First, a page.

Back to 1988. A young Tom Winston preaches in a church. Laura’s mother Rachel shows up and joins the congregation. Tom’s actually talking about Alan Henry, the sins of Waterbury. Cut to him in bed with Rachel. He’s wracked with guilt, and he’s in love with her. The whole situation is tough, especially once things with the married couple devolve. We’re getting a better perspective on why Tom felt so betrayed by everything; he had no idea about being filmed. Such a heavy revelation. I’d not expected this whole angle particularly. The couple blackmailed Tom into leaving their burgeoning enterprise alone. This is what drove him to madness. To murder.
So this is the story of Tom Winston’s Pride.
The Executioner plans to kill Sarah, but instead Tom gives himself up for her. “I love you, Sarah,” he says before going willing into the arms of the killer. He lays down upon the saw, broken on the wheel, and it tears him apart. What a bloody, violent death for Tom! Wow. Very impressed with the horror elements in this episode. Quite vicious.
“It is our duty, our burden, to take action against sin wherever we may find it.”
Sarah’s escaped the grip of The Executioner. Her life keeps getting stranger and stranger, more complex, and not in any sort of good way. Then a mannequin of The Executioner pops up int the middle of town, including a note for Sarah specifically. The plot only thickens.
At home, Father Henry is a little too chipper. Another red herring? Or perhaps his talk of the town being “cleansed” is more than just talk?
There are certainly secrets in the Henry household. In a closet, Cam has a box of mementos. He adds a new one – a piece of bloody shirt, one an awful lot like that which Tom wore. Is this really it? Is Cam truly The Executioner? WHOA! WHOA! WHOA! I had my suspicions, but still. This changes the game.Stay with me, fellow fans. I love this series. I don’t care what anyone else says, despite the flaws and all. Lots of fun. Next episode, the finale, is titled “Soon Your Own Eyes Will See” and we will get our answers.
Season 1, Episode 6: “The One Who Sows His Own Flesh”
Directed by Craig David Wallace
Written by Aaron Martin
* For a review of the previous episode, “Ill-Gotten Gains” – click here
* For a review of the next episode, “In the Pride of His Face” – click here
After the twisting turning episode previous with the revelation of Captain Ian Vaughn (Dean McDermott) having Ariel Peterson (Hannah Endicott-Douglas) in locked room in his basement, this next episode opens five years previous.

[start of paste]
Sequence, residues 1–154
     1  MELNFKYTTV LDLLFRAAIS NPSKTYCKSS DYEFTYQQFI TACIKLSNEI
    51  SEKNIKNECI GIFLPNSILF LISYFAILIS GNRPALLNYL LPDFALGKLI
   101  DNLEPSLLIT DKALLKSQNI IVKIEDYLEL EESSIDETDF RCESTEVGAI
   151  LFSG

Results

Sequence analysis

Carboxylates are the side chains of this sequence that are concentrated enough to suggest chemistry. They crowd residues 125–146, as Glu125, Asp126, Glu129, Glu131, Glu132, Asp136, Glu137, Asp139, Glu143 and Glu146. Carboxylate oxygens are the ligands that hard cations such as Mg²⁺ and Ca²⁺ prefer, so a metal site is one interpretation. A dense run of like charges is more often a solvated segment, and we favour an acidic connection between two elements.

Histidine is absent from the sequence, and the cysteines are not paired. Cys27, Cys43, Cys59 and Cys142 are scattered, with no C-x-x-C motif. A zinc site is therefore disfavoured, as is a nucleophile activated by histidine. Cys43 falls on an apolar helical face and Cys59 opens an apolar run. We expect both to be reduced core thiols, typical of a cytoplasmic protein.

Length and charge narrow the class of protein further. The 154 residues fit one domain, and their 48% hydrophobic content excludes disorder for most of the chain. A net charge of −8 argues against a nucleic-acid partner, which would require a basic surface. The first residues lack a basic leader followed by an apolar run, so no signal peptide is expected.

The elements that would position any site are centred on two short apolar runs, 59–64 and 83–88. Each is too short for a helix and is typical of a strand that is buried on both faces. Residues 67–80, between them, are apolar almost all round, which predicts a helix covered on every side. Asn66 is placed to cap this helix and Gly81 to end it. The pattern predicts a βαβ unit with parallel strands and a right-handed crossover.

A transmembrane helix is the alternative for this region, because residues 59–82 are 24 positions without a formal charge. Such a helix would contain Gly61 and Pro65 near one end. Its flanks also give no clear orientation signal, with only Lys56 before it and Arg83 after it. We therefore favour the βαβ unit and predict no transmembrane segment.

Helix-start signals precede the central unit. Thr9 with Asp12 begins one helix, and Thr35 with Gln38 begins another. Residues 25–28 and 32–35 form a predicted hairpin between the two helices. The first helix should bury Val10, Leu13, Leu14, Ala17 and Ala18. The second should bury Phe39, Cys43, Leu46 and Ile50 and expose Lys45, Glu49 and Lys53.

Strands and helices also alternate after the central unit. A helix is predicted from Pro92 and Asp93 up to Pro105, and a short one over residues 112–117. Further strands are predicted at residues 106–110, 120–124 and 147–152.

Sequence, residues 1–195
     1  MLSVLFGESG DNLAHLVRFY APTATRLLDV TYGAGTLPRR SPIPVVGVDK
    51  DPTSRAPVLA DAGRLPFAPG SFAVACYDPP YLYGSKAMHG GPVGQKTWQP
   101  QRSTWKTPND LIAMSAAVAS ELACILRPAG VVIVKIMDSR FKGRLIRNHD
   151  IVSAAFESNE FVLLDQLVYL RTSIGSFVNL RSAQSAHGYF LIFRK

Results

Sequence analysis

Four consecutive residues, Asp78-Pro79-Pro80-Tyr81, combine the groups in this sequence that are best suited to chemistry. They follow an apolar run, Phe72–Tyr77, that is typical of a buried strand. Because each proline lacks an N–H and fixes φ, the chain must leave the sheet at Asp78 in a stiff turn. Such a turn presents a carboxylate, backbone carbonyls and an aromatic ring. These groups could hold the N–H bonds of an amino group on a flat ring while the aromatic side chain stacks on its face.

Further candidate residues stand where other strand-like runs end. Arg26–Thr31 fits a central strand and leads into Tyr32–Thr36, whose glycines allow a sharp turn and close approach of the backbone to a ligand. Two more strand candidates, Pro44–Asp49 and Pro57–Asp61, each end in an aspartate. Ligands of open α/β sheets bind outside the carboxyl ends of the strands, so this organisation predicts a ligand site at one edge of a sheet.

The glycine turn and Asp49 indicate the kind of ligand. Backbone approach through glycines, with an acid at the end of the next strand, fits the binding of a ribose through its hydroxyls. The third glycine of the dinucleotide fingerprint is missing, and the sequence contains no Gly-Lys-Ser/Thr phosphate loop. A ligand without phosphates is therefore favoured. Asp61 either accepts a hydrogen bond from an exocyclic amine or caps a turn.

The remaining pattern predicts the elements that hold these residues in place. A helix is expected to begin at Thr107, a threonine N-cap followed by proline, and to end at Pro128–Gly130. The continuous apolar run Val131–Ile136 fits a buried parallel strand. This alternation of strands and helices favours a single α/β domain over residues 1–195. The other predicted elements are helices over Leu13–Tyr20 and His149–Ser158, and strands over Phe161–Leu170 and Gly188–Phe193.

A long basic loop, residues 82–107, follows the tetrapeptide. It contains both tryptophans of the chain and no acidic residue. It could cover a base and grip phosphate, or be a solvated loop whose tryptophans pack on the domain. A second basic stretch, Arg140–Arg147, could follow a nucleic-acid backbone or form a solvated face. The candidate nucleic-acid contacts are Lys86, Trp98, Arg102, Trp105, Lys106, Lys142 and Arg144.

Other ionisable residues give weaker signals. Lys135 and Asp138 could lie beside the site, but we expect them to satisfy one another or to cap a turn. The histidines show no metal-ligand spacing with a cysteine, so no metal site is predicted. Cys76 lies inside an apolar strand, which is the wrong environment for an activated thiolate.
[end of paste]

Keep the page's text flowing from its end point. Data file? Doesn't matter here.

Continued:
He picks her up from the side of the road. She gets in thankfully. Obviously the biggest mistake she could’ve made. Vaughn used his power and position of authority in Waterbury, the trust of that, to get her inside the car. And things start to get really scary after that. I mean really scary. Vaughn morphs into this completely different person right there in the car with her. I knew there was something off about him, but never expected this at all.
In the present day, he lays in bed with her. She’s obviously got not life, stuck in that room. The whole thing is beyond disturbing. But she may be working out a way to escape, somehow, some way.While Vaughn’s got his own thing going on, Sarah Bennett (Katie McGrath) borderline accuses her husband Dylan (Brandon Jay McLaren). We can’t really count him out yet, though. Can we? Well Sarah is busy talking with Cam Henry (Steve Byers). They’re sussing out all the mysteries of the Peterson case, or as much as they can, anyways.
For now, we’re privy to more of Vaughn and Ariel. Their entire situation is insanity, of his making. She wants out, as well as out for her little boy. He’ll have no part of it. Soon enough she pulls her blade on Vaughn and stages a hopeful escape. Putting him down with a can to the back of his head she and her boy run. Only the doors are locked, naturally. A setup such as that means Vaughn has got all his bases covered, especially considering he’s a police Captain. His wife witnesses the escape, and does nothing. One shocking, heavy moment.